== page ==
denim insulation

Energy Comes from the Sun, Wind, and Earth in This Vermont LEED Platinum Home

Charlotte, VT

Mar 23 2009 By Jesa Damora | 17 comments

General Specs and Team

Location: Charlotte, VT
Bedrooms: 4
Bathrooms: 3
Living Space : 2700 sqf
Cost (USD/sq. ft.): $196/sqf

Cost does not include septic and well
Completed: August 2007

Architect: David Pill, Pill–Maharam Architects
Builder/contractor: Jim Huntington, New England House Wrights
Energy consultant: Andy Shapiro, Energy Balance, Inc.

Construction

Foundation: 4-in. concrete slab over 4-in. EPS foam on gravel (R-16); poured 8-in. concrete walls lined with 2-in. EPS; 2x4 studs at 24-in. o.c. filled with dense-packed cellulose contained by reinforced netting (R-21 total)
Floors: I-joists at 24-in. o.c.; OSB subfloor, then 4-in. poured concrete floor, ground and polished, enclosing radiant heating system (denim batting under first floor radiant slab, R-21)
Walls: 2x6 studs at 24-in. o.c. insulated to full depth with closed-cell polyurethane spray foam; 1-in. polyisocyanurate foam board over exterior sheathing; house wrap; cedar breather mesh; painted cedar clapboard/corrugated metal exterior cladding (R-40)
Windows: triple-glazed fiberglass (U-value, .17; R-15 to R-17, Thermotech)
Roof: 2x10 rafters at 24-in o.c. filled to 9 in. with closed-cell polyurethane spray foam (R-58); 3/4-in. OSB sheathing; waterproof membrane; standing seam metal roof (Engler)

Energy

Heating/cooling: GSHP (Econoair) with variable-speed drive (Hitachi) connected to well
Water heating: same as above plus 100-gallon storage tank (Marathon)
HERS index: 0
Annual energy use: 0 MMBtu/year Energy production and use from January 9, 2008, to January 9, 2009:

  • Total electricity usage: 6,094 kWh
  • Total produced by wind turbine: 6,286 kWh
  • Net electrical gain: 192 kWh

  • Building envelope sealed to NACH .08 for heating 600 cfm @ 50 Pascals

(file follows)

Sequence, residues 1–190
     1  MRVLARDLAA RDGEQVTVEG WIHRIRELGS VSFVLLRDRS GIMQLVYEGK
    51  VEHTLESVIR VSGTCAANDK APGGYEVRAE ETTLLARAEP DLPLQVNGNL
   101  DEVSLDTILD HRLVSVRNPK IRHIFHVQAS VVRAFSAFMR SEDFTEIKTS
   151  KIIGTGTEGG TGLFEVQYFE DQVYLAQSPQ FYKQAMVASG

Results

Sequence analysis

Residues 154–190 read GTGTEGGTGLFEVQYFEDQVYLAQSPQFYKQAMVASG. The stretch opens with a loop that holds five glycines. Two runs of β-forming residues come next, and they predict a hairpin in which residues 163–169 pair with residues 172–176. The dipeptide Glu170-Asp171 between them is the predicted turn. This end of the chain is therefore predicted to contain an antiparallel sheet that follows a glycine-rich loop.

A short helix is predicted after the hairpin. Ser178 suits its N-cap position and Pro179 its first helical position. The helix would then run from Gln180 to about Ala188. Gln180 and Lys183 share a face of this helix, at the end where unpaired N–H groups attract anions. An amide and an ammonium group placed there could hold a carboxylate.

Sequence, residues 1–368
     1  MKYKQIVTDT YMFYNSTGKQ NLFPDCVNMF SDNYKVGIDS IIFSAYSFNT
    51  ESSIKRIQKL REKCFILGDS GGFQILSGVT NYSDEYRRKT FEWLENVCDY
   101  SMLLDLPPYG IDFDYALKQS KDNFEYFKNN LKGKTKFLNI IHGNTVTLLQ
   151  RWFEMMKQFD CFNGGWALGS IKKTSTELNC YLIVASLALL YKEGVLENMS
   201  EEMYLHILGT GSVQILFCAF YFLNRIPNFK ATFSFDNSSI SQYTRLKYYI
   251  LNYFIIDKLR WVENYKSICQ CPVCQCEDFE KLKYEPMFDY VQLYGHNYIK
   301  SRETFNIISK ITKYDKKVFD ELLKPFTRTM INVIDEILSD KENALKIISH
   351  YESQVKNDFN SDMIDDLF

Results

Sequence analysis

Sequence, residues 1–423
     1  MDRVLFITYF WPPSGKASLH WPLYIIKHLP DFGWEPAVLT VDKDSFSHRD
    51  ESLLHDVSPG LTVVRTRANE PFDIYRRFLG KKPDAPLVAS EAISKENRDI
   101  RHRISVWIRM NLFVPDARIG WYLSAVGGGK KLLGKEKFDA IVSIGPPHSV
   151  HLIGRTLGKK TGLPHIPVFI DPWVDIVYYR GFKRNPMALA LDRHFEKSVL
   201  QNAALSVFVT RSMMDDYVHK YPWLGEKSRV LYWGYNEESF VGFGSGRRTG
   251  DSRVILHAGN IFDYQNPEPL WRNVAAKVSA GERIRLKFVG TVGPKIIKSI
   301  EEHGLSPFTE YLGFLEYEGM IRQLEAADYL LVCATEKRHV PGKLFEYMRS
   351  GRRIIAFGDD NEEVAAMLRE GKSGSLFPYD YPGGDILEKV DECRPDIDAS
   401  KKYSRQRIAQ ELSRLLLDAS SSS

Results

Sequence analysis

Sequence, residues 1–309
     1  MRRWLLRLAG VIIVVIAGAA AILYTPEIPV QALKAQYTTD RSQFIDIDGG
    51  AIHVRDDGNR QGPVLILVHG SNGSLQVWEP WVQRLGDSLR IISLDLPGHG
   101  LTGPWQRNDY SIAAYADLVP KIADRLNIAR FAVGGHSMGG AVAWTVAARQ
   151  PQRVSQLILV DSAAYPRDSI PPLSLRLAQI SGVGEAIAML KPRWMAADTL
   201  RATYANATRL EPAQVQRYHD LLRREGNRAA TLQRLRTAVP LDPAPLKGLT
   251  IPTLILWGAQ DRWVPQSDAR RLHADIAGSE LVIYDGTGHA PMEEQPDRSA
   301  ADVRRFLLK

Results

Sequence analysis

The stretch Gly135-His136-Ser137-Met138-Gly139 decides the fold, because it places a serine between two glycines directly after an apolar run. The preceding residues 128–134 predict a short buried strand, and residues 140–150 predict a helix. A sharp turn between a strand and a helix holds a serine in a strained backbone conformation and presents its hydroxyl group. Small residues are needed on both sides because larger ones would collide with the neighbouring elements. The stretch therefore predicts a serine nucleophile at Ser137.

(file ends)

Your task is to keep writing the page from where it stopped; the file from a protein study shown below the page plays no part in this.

• Fluorescent lighting throughout
  • Open plan oriented for daylighting and maximum solar gain in winter
  • Highest-rated Energy Star appliances
  • GFX waste hot water heat recovery

Water Efficiency

  • Low-flow plumbing fixtures

Indoor Air Quality

  • Low-/no-VOC paints, finishes, and most adhesives
  • Natural materials

Green Materials and Resource Efficiency

  • Most of existing 14,000-square-foot riding arena building relocated and reused locally
  • Created access to community open space and trails
  • Innovative septic system by Presby Enviroseptic: filtration tubing contains coarse fabric with ridges and perforations laid out over leaching field
  • FSC-certified decking (Cumaru)
  • Most materials locally sourced
  • Reclaimed fir columns
  • Recycled materials (denim) in insulation
  • Certification

    LEED for Homes: platinum (90 points)
    Energy Star score: 5+ stars

    Multiple renewable-energy sources help a Vermont home built with more or less conventional methods reach net-zero-energy use

    To build a house with no carbon emissions and zero-net-energy use, the owners of this rural home in Vermont employed a strategy embracing alternative energy sources, unusually high insulation values, and conscientious fabrication.

    Lessons Learned

    David wanted to push the economy of building the structure, so they used two-stud corners (with nailers), minimal framing for window headers, and a two-foot module for all dimensions. He thought of using a single plate and skipping the exterior sheathing, using lateral bracing instead, But Jim advised strongly against these last two, even though they are increasingly recognized as advanced framing techniques. David’s glad he listened, as winds can plow down the valley with vigor.
    Because the owners went for all the bells and whistles in the GSHP assembly, installation took a lot of time, as did programming the drive that manages it. They’ll probably never use the extra lines in the radiant heat manifold that stub to the second floor — the house stays comfy from what’s in the first floor slab alone. They'll also never use the blocking in the walls for brises-soleil — it stays cool without it.

    Heating system choices offer challenges and opportunites
    They also want prospective alternative energy users to carefully assess the apparent cost of new technologies in context: For instance, “If you already have a well you can use [for the GSHP] and are already doing a radiant floor, the cost of it might be not much more than a standard boiler," David advises. "The benefit of a boiler is that you can put in relatively inexpensive baseboard, which itself is less costly than radiant.”

    These trade-offs can get complex because the sizing of the heating system also depends on how tightly the house is sealed, among many other things. Can a non-architect manage all this? “Yes,” says David, ”but they’ll need the help of experts.” He adds, “It can be a fun learning experience.”


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    Image Credits:

    1. Jim Westphalen
    2. David Pill
    3. Toshi Woudenberg

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